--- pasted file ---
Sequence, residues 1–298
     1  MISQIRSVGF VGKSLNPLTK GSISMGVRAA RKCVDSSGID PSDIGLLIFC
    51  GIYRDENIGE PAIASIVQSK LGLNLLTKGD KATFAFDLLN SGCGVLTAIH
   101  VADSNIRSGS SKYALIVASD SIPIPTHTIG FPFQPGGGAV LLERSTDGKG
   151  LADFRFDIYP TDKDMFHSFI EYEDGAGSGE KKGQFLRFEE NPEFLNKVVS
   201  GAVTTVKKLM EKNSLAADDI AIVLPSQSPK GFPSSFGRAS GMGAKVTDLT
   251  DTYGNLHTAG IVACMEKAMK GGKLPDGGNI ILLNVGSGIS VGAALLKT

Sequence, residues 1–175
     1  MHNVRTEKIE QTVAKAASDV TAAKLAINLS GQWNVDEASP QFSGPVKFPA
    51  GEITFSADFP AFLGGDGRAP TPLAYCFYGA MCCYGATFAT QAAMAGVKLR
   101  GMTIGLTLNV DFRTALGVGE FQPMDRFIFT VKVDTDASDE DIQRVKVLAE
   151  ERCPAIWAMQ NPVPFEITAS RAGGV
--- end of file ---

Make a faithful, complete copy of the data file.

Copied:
Sequence, residues 1–298
     1  MISQIRSVGF VGKSLNPLTK GSISMGVRAA RKCVDSSGID PSDIGLLIFC
    51  GIYRDENIGE PAIASIVQSK LGLNLLTKGD KATFAFDLLN SGCGVLTAIH
   101  VADSNIRSGS SKYALIVASD SIPIPTHTIG FPFQPGGGAV LLERSTDGKG
   151  LADFRFDIYP TDKDMFHSFI EYEDGAGSGE KKGQFLRFEE NPEFLNKVVS
   201  GAVTTVKKLM EKNSLAADDI AIVLPSQSPK GFPSSFGRAS GMGAKVTDLT
   251  DTYGNLHTAG IVACMEKAMK GGKLPDGGNI ILLNVGSGIS VGAALLKT

Sequence, residues 1–175
     1  MHNVRTEKIE QTVAKAASDV TAAKLAINLS GQWNVDEASP QFSGPVKFPA
    51  GEITFSADFP AFLGGDGRAP TPLAYCFYGA MCCYGATFAT QAAMAGVKLR
   101  GMTIGLTLNV DFRTALGVGE FQPMDRFIFT VKVDTDASDE DIQRVKVLAE
   151  ERCPAIWAMQ NPVPFEITAS RAGGV